CWD testing hunter-harvested deer from your ranch provides confidence to you and your hunters that CWD is not present in the deer population on your property. Long-term monitoring on your ranch also serves to provide a testing history which could be important if CWD is found in isolated populations in the general area near your ranch — such as a deer-breeding facility — and help to provide confidence that CWD is indeed isolated to that population. The number of CWD samples collected in the area could be critical information when TPWD is contemplating CWD zones or other regulation changes to manage the disease. Annual monitoring may also allow for early detection of the disease, providing an opportunity to eliminate the establishment of CWD in the deer population.
What will happen if CWD is discovered on my ranch?
Disease management strategies would likely involve actions intended to limit the spread and distribution of CWD from the area where it exists, which could be limited to a specific property. Understanding several factors that could affect disease prevalence and spread (e.g., geographic extent of the disease, infection rates, how and when the disease was introduced to the area, fence height that may limit immigration/emigration, etc.) would help determine the most appropriate response to address the CWD discovery.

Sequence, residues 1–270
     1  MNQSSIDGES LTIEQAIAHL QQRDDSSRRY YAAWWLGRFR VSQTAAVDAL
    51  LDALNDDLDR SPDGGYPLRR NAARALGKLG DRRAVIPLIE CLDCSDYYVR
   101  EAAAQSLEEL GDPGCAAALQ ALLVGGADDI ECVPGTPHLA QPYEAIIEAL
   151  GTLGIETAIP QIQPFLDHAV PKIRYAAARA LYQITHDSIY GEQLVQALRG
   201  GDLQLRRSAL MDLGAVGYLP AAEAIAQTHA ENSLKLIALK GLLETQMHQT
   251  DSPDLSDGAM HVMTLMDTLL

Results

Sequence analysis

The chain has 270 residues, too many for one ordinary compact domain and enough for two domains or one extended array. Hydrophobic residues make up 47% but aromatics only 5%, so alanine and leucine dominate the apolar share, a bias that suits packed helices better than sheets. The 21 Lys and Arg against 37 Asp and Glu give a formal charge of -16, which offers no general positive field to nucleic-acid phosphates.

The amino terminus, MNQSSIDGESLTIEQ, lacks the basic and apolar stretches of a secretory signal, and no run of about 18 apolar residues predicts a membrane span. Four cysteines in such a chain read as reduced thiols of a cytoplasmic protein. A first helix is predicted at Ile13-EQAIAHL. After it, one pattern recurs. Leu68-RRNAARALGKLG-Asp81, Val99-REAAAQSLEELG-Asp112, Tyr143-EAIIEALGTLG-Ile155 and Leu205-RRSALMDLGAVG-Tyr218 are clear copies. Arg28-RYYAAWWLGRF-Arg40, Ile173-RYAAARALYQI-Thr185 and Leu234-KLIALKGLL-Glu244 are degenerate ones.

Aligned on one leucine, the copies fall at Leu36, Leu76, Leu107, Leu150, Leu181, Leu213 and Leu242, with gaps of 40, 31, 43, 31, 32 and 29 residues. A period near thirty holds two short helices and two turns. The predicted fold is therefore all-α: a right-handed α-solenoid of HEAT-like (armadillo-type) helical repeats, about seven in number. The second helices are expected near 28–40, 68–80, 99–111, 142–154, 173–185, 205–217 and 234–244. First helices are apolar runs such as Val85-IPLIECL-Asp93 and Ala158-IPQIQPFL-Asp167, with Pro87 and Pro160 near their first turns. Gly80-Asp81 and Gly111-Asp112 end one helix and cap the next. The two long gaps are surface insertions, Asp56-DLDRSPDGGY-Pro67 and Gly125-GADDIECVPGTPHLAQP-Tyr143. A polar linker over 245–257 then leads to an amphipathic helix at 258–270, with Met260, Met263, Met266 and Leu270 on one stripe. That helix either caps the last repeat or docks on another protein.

Most likely TPWD and TAHC will establish a CWD zone with requirements to test hunter-harvested deer and restrictions on movements of live animals and certain carcass parts from harvested deer. This approach has worked well to contain CWD in free-ranging populations where it exists. CWD zone sizes vary depending on where the CWD-positive animal was discovered, characteristics of the deer population in that general area, CWD sampling history in the area, and features such as roads and rivers that can be used to easily define zone boundaries.